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Hugh McGahan: Betting ban shows double standards

Discussion in 'News' started by SeaEagleRock8, Jul 14, 2014.

By SeaEagleRock8 on Jul 14, 2014 at 6:32 AM
  1. SeaEagleRock8

    SeaEagleRock8 Sea Eagle Lach Staff Member Premium Member 2016 Tipping Competitor

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    NZ Herald, 13.7.14

    Players and officials have been hit directly on the chin for betting transgressions and now everyone knows where they stand in relation to any gambling on fixtures.

    Manly's David Williams is the highest profile victim with his suspension for nine weeks for essentially having 'a punt'.


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Discussion in 'News' started by SeaEagleRock8, Jul 14, 2014.

    1. SeaEagleRock8

      SeaEagleRock8 Sea Eagle Lach Staff Member Premium Member 2016 Tipping Competitor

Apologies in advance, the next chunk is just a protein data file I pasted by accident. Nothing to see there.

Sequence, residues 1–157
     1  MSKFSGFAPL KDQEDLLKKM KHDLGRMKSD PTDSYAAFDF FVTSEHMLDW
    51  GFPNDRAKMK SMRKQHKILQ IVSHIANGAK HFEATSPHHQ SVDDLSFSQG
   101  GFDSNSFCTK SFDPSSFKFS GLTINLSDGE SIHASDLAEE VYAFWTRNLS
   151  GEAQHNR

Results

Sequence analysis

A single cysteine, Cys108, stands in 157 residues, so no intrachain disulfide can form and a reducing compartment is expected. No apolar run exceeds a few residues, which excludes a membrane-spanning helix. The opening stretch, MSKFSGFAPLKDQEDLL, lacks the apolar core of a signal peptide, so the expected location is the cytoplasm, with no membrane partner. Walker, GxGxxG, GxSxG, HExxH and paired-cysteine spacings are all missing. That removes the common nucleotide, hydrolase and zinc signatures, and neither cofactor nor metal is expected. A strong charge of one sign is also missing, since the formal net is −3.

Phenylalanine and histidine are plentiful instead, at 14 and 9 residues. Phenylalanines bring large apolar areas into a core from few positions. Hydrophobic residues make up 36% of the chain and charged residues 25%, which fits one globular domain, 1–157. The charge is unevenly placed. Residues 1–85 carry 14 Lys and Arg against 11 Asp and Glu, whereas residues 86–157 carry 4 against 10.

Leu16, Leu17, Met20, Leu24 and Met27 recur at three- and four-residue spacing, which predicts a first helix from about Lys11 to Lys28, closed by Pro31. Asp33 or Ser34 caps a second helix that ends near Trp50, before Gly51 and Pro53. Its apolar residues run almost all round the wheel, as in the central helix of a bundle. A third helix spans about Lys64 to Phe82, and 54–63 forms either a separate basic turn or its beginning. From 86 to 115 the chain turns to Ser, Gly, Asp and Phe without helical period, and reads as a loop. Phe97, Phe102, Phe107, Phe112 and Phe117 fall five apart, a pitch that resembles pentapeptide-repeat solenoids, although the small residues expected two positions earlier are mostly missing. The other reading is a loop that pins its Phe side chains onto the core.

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      NZ Herald, 13.7.14

      Players and officials have been hit directly on the chin for betting transgressions and now everyone knows where they stand in relation to any gambling on fixtures.

      Manly's Da[​IMG]vid Williams is the highest profile victim with his suspension for nine weeks for essentially having 'a punt'.



      Some officials, in volunteer positions, have been sacked from their jobs while players and administrators in paid positions have been stood down.

      It has been stressed there is no suggestion of match or spot fixing or that any official sacked or suspended has been in a position to influence the outcome of a result.

      I applaud this stance by the NRL's Integrity Unit to draw a line in the sand - no betting whatsoever.

      I am neither a gambler nor do I bet in any capacity (does a Lotto ticket count?), so the NRL's stance does not particularly bother me.

      It does, however, highlight a double standard in the game. If gambling is so wrong, why do the NRL canvas for, endorse and strongly promote betting on games each week of its season? You cannot look on an NRL or club website without being hit with betting options on all games.